Bill Scimio



An avid outdoorsman, Bill Scimio of Spruce Creek, Pa., draws inspiration from the natural world and the often-overlooked treasures found there—an antler shed, a grouse feather, an oak branch and acorn. These treasures manifest themselves in a variety of media—metal sculpture, bracelets, antler horn or stone carvings.Scimio and his work refuse to be categorized. His art is honest, frank, and unpretentious. Whether wielding a hammer or an ebony pencil, Scimio follows his muse with Neil Young abandonment—changing, experimenting, growing.

Scimio grew up in Sewickley, a small town in the shadow of Pittsburgh’s skyline and its blue-collar work ethic, and it is only natural that metal has become his medium of choice. One of his first jobs was at a sheet-metal shop to earn money for college. Settling in Spruce Creek after graduating from Penn State, Scimio found himself again in a place rich in iron-age history. The Spruce Creek valley today is lush green, accentuated by a blue-ribbon trout stream. A pristine hardwood-covered ridge dominates the landscape. But, not too long ago, charcoal pits and iron furnaces pocketed the terrain and black smoke filled the air. Scimio takes inspiration from the past and present of this landscape.

Scimio has exhibited his work in regional shows such as the Western Pennsylvania Wildlife Art Expo and The Southern Alleghenies Museum of Arts Biennial exhibition, and he has done commission work for numerous wildlife non-profit organizations including the Rocky Mountain Elk Foundation, Ruffed Grouse Society, and Trout Unlimited.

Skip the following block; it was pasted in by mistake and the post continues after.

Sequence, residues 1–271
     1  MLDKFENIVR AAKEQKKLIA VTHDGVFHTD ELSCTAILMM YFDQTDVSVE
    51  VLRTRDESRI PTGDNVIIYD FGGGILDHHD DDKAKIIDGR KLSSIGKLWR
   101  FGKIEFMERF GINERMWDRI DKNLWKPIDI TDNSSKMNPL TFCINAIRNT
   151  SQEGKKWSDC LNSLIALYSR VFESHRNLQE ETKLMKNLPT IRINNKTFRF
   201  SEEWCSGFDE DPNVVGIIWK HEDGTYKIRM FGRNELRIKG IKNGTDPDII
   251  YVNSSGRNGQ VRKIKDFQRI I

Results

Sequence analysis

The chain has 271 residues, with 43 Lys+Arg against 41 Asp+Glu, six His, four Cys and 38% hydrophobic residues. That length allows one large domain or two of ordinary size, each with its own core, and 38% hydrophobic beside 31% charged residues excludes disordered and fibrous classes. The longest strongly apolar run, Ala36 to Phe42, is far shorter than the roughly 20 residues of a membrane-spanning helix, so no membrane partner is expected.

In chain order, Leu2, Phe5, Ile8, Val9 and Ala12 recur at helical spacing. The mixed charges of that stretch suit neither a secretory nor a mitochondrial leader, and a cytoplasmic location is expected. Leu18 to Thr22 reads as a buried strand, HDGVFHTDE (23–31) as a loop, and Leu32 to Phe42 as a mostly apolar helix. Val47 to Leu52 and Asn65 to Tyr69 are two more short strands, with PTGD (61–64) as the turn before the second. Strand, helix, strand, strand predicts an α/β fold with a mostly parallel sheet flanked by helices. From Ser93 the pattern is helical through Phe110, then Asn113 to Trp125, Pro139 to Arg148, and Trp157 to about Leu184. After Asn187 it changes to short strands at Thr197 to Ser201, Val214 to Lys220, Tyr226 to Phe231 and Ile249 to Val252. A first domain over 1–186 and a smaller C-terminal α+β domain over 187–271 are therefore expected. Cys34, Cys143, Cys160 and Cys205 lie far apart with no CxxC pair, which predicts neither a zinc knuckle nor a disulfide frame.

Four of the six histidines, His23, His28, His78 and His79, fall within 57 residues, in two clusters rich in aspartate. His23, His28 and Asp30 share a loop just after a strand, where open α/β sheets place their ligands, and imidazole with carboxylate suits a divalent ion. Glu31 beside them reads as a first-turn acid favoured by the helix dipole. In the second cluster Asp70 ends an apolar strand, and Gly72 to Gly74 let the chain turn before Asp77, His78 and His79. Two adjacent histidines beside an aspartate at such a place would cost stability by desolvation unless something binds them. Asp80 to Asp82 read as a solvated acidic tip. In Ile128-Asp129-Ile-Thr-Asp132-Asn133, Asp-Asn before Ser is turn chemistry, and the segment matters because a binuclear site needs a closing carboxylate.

With his wife, April, as partner and collaborator, black Lab Arlo and Hattie the cat, as regular companions, Scimio continues to make a wide range of art that reflects his passions.

About the Bracelets
Bill Scimio’s bracelet designs are drawn from the natural world and its various interpretations seen in petroglyphs, totems, and carvings. Creating his own visual vernacular inspired by these sources, he’s developed a series of acid-etched copper bracelets perfect for both men and women.
Each bracelet is made from pure copper plate, hand-cut, filed, and shaped to size. The acid-etching process involves meticulously painting each design on the bracelet surface with a resist medium, and then the bracelet rests in an acid bath for several hours. After the acid bath, the resist is removed, and guilder’s paste or other darkening agent is applied to give contrast and depth to the image. Sanding, buffing, burnishing, and polishing finishes the bracelet.
Some bracelets have an applied brass design. Here, the design is drawn and cut out of re-purposed brass dog tags then carefully filed to the final shape. It’s soldered onto the copper bracelet. At that point the surrounding design is painted onto the bracelet before it goes into the acid bath. The result is a unique piece of wearable art.